Wednesday, 15 August 2012

Four and a half rooms of one's own

Last night, a centipede the size of a mouse ran across my living room floor, and I decided it was high time I stopped talking about moving and started actually making plans to blow this popsicle stand. Sayonara spiders. Ciao centipedes. I am outta here. So I found this place online and made a call, and now I'm waiting for a call back to come and look at it. Which might never happen, but it might, and I might like it, and I might write a cheque right there and then and begin chronicling Jen's Year-End Moving Adventure!! Which would be a companion tale to Jen's Rapid Descent into Ever-Increasing Debt!!! Good thing Jen works for a bank. A couple of things: if I do take this place - and that's a big if, it might be a total dive, it might be part of a sinister bait-and-switch plan ("Well, no, that apartment has been rented, but we have a 1-bedroom suite next door for only $1500 plus hydro and your firstborn child!") - I'd like to point out that, even though the ad says that the apartment is in "the heart of Rosedale", it isn't. It's on the outskirts of Rosedale. It's huddling in the shadow of Rosedale. It's east of Mount Pleasant Avenue, for Pete's sake. It's not in Rosedale. So don't worry. I haven't suddenly mutated into one of those annoying blonde women who carry their dogs around in Louis Vuitton dog-bags. I'm still me: refreshingly plain and ordinary. I don't even have a dog! And yes, I know that the two pictures with the hardwood floor and the windows and the rads are of the same room. I'm no fool. Apparently, one of the rooms is carpeted - that's what "Steve" told me. Note how that room didn't even make it into the slide show - it doesn't mesh with the "hardwood floors" part of the ad. But as long as the carpet isn't puke-green shag, I don't care. The carpeted room can be the junk room if this place is all it's cracked up to be. I have to get out of Centipede Central - I just can't take it anymore. I didn't set out to find a two-bedroom apartment. It's not like that was high on my Must Have list. What do I need with two bedrooms? I own, like, seven pieces of furniture - how am I going to fill two bedrooms and living room with that? It's going to take some time and some dedicated spending, let me tell you. But I noticed that the indexing on is far from perfect. So I took advantage of it in order to further my quest for the Perfect Place. Basically, you're supposed to be able to search for a place by location, by number of bedrooms, by rent, and by whether or not the apartment is shared, furnished, or unfurnished. I don't know how 'Shared" got thrown into the "Furnished/unfurnished" category but there you have it. "Rent" tends to be fairly straightforward. You can search in different ranges - my favourite ones are $600-899 and $900-1199, because they tend to yield the most results - for Toronto apartments, anyway. There are a couple of "rentless" apartments floating around - I just ignore them, because I'm too busy to call and find out what the rent is if it's not posted. Bedroom Number is also pretty obvious although you will occasionally pull up ads saying "One bedroom but can be turned into two" and that kind of thing. More devious is the search for a one-bedroom in a given range that yields a result for, eg., "$850 and up", which sometimes translates into "Bachelor apartments in this building start at $850, sucker". But "Location" is a crapshoot on Every advertiser has a different idea about what part of Toronto their apartments are located in. It is generally understood that Yonge is the East-West dividing line in the city, and I'd put the North/South border at Eglinton, but maybe that's too South. Who knows? Nobody, evidently. I've seen ads for Yonge and Eglinton indexed under "Central," "Central North" and "Central East". Given this reality, I intuited I was missing a lot of potentially good apartments. So, instead of using the interactive map feature and restricting my search to one-bedroom apartments in a series of neighbourhoods, I did a "Quick Search" on central, one and two-bedroomed apartments renting for between $600-1000 per month. And voila. Apartments in desireable neighbourhoods that had never appeared in my previous searches were suddenly a mouseclick away. Anyway, it's a start. Begin as you mean to go on, that's what I always say. Starting now.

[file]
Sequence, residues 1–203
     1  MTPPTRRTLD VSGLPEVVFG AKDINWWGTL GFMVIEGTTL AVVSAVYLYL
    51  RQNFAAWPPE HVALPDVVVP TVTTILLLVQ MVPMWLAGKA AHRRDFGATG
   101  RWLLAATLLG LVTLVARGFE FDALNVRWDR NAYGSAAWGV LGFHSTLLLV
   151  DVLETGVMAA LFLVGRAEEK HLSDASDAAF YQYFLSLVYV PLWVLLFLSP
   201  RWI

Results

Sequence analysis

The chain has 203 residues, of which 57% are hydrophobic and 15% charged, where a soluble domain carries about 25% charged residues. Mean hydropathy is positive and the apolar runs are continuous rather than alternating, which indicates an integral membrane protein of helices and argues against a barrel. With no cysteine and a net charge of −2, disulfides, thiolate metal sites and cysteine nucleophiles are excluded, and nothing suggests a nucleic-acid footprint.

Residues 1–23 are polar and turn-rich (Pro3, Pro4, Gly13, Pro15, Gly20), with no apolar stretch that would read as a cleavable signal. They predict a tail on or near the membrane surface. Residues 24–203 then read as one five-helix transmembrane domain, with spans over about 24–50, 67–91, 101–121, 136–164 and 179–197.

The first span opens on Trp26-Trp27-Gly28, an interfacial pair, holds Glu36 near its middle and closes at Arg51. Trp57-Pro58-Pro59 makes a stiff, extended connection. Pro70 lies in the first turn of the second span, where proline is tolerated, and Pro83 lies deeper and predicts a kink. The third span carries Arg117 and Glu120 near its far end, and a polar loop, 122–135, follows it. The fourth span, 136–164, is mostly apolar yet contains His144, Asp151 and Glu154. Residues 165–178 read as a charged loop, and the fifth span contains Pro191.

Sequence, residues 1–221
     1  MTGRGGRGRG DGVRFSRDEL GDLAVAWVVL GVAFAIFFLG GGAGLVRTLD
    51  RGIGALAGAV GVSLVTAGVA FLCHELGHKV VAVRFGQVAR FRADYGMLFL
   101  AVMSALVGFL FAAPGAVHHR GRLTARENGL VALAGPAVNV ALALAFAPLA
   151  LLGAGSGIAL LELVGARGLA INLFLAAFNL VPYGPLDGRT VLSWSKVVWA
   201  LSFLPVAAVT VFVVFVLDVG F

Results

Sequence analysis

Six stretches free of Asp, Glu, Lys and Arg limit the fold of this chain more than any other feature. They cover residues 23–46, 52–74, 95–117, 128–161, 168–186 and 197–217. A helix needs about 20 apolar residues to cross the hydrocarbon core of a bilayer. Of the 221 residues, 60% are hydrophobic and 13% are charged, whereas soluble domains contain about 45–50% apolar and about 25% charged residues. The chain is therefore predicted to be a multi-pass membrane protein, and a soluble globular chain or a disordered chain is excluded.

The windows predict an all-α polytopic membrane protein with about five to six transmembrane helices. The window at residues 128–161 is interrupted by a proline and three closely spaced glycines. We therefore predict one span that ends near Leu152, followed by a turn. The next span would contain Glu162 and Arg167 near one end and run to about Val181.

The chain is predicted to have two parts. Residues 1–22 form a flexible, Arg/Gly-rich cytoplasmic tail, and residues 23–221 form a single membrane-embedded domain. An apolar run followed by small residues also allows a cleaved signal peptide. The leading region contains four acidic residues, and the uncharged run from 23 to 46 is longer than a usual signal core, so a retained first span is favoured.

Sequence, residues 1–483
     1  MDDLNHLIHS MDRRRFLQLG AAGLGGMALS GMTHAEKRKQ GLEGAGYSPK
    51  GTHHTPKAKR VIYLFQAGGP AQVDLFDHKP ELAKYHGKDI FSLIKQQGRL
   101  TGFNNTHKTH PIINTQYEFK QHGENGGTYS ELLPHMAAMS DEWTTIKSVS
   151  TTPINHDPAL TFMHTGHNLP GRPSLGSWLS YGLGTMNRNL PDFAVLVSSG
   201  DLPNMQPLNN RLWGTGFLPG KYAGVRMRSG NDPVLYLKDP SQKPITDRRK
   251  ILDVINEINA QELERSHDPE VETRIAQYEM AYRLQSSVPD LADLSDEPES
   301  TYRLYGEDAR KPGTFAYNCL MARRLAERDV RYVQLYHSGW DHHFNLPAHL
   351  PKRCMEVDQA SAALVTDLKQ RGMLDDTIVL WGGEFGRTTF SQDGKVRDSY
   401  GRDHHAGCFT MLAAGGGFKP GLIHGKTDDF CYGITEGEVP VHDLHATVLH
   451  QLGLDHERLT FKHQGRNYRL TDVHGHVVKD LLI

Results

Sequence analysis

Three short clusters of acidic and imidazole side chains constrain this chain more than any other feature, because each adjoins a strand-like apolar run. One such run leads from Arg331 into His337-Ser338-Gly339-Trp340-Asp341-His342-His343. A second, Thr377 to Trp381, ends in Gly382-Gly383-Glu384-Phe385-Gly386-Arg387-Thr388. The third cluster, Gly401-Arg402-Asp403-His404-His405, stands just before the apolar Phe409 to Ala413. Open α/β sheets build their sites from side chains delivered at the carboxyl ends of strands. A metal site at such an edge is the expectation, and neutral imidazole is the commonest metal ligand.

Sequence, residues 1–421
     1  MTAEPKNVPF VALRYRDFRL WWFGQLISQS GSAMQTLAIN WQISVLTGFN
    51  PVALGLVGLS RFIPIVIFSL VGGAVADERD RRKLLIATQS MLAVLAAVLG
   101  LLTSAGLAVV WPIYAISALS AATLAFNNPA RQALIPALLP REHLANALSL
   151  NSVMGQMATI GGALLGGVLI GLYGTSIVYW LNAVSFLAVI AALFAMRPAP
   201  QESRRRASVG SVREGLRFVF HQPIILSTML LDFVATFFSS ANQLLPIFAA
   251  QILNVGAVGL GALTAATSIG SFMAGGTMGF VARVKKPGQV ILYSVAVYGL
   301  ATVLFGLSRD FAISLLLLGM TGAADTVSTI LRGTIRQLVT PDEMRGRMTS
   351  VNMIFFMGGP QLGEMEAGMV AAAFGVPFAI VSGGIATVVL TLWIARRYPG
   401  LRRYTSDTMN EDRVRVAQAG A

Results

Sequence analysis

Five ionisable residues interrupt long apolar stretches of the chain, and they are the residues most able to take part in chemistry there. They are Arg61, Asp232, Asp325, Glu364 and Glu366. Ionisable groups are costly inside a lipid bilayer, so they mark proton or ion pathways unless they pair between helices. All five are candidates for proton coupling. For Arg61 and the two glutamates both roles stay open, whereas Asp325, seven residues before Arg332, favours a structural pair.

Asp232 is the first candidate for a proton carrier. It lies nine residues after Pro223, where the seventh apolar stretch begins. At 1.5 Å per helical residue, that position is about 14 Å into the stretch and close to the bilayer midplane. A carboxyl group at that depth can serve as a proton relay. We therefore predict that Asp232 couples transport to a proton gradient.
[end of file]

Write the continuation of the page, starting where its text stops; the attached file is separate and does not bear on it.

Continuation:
Tuesday, 14 August 2012

No news